What I Can Expect from My Gen Z Grandchildren’s World

As I tend to do with a lot of Friday’s 27gen posts, I try to look at the world around us through the lens of the five generations currently in my immediate family of 20: 2 Boomers, 2 Gen X, 6 Millennials, 2 Gen Z, and 8 Alpha Generation (the “unofficial,” but popular name for those born since 2010).

Today, a quick dive into a fascinating book: Zconomy, by Jason Dorsey and Denise Villa. Dorsey and Villa are the president and CEO, respectively, of the Center for Generational Kinetics (CGK). The insights in Zconomy are based on the authors’ extensive global research, presentations, and consulting work.

Gen Z’s expectations are so different because they are so different from other generations. They are the first to lead fully digital lives. They are being raised by parents affected by past events such as 9/11 and the Great Recession, as well as contemporary realities from the COVID-19 pandemic to online gaming, Brexit, and presidential politics.

They are connected to the world, and one another, across continents and across town using technology that for them has always been available. They have strong and vocal opinions about social issues from student load debt and gun control to equality and climate change. And for the first time in history, digital media has given a generation this young the power to instantly bolster (or derail) global brands, become activist, and influence how companies do business – sometimes with a single tweet, post, or cell phone video.

We’ve heard loud and clear from Gen Z that they are not Millennials 2.0.

Gen Z is older than most people think, with the oldest members already up to age twenty-four in 2020. This large, diverse, connected-from-birth generation is soon to be the fastest growing generation in the workforce.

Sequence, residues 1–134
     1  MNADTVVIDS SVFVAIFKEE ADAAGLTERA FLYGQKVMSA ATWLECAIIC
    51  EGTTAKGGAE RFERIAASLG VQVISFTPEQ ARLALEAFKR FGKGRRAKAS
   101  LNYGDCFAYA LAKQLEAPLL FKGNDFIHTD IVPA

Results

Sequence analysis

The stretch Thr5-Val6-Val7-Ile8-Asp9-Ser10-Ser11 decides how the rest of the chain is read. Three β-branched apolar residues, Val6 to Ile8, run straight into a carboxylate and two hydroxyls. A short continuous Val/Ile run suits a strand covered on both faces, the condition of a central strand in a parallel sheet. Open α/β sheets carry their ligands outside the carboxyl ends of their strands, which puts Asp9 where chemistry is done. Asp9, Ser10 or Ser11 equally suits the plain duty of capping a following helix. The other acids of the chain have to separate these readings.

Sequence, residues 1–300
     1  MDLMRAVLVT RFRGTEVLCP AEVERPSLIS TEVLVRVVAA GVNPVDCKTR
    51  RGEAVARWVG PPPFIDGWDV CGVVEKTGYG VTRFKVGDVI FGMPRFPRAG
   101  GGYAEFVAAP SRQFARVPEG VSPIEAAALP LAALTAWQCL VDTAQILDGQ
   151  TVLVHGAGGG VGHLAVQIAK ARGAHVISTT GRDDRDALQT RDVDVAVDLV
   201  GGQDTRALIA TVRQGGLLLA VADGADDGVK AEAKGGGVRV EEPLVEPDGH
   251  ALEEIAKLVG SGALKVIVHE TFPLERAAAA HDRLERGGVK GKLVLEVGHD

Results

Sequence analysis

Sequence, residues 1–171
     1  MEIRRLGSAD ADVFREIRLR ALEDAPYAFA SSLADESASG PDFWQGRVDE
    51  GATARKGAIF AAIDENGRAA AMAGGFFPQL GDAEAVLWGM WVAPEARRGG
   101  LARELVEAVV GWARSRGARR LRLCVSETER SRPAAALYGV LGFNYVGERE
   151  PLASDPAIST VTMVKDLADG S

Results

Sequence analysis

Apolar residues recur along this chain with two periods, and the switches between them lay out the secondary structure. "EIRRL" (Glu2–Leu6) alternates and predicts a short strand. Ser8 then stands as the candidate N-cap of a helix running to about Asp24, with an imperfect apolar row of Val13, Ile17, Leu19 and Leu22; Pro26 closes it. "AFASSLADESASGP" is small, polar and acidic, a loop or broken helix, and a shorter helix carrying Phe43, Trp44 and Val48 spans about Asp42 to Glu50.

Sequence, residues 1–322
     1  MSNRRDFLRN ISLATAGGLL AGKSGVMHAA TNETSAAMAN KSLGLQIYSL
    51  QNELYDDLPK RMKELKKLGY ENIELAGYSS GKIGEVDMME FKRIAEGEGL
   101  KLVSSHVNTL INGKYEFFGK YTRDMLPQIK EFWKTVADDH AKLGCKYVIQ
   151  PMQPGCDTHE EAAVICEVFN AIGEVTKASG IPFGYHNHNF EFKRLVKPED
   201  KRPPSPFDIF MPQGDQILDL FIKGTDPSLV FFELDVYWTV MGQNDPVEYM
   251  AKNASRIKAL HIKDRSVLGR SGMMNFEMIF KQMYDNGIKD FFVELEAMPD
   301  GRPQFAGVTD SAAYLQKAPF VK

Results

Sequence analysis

To understand just how different Gen Z worldview are from even Millennials, take these two quick examples:

  • Gen Z does not remember 9/11. They learned about it in history class, from a parent recalling the experience, or on a YouTube video. As a result, Gen Z can’t recall the feeling of fear and uncertainty that came as this event was unfolding – which made it the defining moment of the Millennial generation.
  • Gen Z has come of age with the COVID-19 pandemic creating fear, uncertainty, vulnerability, and confusion. The pandemic has caused massive disruption in schools, work, travel, politics, family, and much more. While the long-term implications of the COVID-19 pandemic remain to be seen, it is already clear that this is the defining moment of the generation thus far.

With the pace of change and breakthroughs accelerating, the future in which Gen Z will navigate adulthood for the next fifty-plus years will be unlike any that previous generations experienced. 

Looking ahead twenty- and thirty-plus years, here are 10 Disruptive Trends the Center for Generational Kinetics thinks will likely influence Gen Z for decades to come:

  1. Car and Transportation Evolution
  2. Virtual Reality and Augmented Reality
  3. Aging Population and Generational Transition
  4. AI, IoT, Connected Devices, and Consumer Tech
  5. Workforce Automation
  6. Medical Breakthroughs
  7. Consumer Space Travel
  8. Global Challenges
  9. Blockchain
  10. College Transformation

All of the trends, breakthroughs, challenges, and innovations will dramatically shape and alter the beliefs and expectations of Gen Z. This will happen in a much deeper, faster, and more integrated way than when personal computers altered Gen X or smartphones connected Millennials or the web and social media bridged continents instantly.

For more information:

Inspired and adapted from Zconomy by Jason Dorsey and Denise Villa


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